Sign up for our daily Newsletter and stay up to date with all the latest news!

Subscribe I am already a subscriber

You are using software which is blocking our advertisements (adblocker).

As we provide the news for free, we are relying on revenues from our banners. So please disable your adblocker and reload the page to continue using this site.

Click here for a guide on disabling your adblocker.

Sign up for our daily Newsletter and stay up to date with all the latest news!

Subscribe I am already a subscriber
Pieter Vermeulen to focus on high-tech tomato growing

From knife and boots to the excitement of the greenhouse

He has already put on his boots and has his knife at hand to cut the various vegetables in the field. It's Tuesday morning, September 25, 9 am, and Pieter Vermeulen, representative for Sakata in the Benelux and Scandinavia, is fully prepared for the annual open field demo days. This is his last edition as an open field man, so these demo days are something extra special.

"After five years of open field vegetables, I also needed the excitement of the glass. In the coming period I will focus entirely on the high-tech tomato cultivation to grow into it with Sakata. But when I just walk through the field, it makes me feel a bit melancholy about what I leave behind."

Pieter in the field with cauliflower variety Alston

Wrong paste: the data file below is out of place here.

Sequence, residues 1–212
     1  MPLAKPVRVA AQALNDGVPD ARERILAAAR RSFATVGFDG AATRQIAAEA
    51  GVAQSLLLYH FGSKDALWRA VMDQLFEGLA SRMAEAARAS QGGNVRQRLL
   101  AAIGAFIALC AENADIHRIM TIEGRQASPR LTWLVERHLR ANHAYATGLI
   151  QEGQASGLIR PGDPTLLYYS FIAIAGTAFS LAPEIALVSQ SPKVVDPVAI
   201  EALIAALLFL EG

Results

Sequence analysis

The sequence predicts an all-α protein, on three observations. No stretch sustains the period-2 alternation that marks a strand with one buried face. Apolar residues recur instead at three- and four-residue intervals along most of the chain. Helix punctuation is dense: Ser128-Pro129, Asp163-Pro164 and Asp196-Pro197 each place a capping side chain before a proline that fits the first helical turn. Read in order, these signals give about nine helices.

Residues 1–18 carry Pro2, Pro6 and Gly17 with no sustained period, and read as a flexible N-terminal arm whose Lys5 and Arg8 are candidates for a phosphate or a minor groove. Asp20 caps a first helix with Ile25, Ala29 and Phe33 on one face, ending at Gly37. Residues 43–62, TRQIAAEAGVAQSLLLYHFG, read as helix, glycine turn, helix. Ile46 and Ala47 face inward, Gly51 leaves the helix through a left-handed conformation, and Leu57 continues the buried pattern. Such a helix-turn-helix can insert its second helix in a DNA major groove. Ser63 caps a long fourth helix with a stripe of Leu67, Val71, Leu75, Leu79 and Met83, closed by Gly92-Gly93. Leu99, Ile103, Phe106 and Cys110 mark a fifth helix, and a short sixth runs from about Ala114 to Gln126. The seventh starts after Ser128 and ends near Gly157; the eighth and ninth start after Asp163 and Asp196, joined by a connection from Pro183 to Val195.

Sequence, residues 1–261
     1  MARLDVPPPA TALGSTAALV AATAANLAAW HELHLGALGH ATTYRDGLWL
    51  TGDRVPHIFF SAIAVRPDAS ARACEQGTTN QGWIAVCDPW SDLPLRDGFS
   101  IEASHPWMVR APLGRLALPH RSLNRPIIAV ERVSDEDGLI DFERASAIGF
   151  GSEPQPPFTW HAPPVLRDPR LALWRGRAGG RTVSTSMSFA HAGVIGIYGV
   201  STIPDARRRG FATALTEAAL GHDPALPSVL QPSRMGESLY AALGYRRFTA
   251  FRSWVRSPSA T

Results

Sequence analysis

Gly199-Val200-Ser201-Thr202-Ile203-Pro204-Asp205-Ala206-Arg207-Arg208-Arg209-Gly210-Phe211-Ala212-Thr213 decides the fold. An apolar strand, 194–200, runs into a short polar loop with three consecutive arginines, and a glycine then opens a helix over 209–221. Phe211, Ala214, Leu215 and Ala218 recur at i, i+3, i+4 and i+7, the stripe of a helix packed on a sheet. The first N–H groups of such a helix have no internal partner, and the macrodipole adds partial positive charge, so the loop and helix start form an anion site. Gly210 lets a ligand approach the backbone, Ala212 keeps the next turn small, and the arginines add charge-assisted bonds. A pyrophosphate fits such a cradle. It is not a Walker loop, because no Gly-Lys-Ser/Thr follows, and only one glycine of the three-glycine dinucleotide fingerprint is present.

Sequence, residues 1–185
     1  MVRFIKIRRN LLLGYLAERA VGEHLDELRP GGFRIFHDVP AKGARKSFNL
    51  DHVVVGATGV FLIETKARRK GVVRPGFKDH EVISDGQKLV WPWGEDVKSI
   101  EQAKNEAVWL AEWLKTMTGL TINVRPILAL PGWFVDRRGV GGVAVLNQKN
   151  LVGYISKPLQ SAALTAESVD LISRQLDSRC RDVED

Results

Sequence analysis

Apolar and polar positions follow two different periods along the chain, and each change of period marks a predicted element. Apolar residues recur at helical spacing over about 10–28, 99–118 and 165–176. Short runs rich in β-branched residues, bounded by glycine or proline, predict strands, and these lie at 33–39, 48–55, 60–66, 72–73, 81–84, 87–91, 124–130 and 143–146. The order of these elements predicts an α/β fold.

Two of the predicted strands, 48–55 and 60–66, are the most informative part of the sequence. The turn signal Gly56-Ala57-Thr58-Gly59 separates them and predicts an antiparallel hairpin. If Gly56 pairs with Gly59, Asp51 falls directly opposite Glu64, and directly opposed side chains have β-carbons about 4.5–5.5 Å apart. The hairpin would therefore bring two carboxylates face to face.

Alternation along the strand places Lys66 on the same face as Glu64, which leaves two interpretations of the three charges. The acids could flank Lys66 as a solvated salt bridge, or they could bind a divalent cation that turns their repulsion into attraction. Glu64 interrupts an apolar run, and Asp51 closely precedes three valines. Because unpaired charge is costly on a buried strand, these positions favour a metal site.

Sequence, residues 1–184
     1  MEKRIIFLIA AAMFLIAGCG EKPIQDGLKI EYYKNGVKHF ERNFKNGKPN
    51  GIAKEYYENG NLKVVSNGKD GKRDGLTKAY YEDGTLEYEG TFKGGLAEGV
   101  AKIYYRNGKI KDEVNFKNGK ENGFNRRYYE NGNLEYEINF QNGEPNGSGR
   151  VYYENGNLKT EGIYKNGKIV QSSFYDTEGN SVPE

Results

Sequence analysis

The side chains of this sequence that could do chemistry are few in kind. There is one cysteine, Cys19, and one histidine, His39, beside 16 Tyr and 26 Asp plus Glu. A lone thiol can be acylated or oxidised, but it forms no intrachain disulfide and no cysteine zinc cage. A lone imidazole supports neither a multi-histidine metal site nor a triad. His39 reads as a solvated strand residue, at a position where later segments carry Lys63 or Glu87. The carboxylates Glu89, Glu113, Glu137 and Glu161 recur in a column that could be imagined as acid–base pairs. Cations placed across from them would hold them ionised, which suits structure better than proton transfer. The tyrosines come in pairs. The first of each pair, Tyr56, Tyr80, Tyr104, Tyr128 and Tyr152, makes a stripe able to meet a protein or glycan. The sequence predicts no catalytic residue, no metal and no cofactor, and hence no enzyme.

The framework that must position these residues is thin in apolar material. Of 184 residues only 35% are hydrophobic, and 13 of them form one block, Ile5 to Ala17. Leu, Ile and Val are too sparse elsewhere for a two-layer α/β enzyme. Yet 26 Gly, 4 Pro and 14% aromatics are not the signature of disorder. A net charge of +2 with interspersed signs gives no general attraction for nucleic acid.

In Europe, Sakata, originally a Japanese breeder, is relatively unknown, especially in greenhouse vegetables. We have a breeding program in snack tomatoes and in recent years Sakata has been somewhat less visible.

"It is my goal to do something about that and also to grow in this segment with Sakata." With the brown snack tomato Chocostar F1 Pieter thinks they have a good asset. "In comparison to the current market-leading variety, the Chocostar combines a higher production with a good taste."

But for now enough about tomatoes, time to go into the field. Under a bright blue sky, a first stop is made at the beetroot, the vegetable that takes center stage at Sakata this year. "The beetroot segment as a whole has been growing steadily in recent years." The Chioggia-Guardsmark is a new variety. "A beetroot that, when you slice it, shows nice, sharp white rings. With a mild sweet taste, this variety is suitable for the fresh market." Already existing, but selling very well is the Cardeal F1. "This variety has a higher brix than the other varieties in the market. This also has a positive effect on its shelf life."

From red to green. "This year we have done excellent business in spinach. A characteristic of our varieties is the stand-up position of the leaf. This makes the spinach easy to harvest." The outstanding durability in the field also stands out. "An advantage during hot summers, when you have to delay your harvest by one day, for example because of temperatures above 30 degrees Celsius. Even when the harvest is delayed, the plant stays compact with short stems and a compact, flat leaf."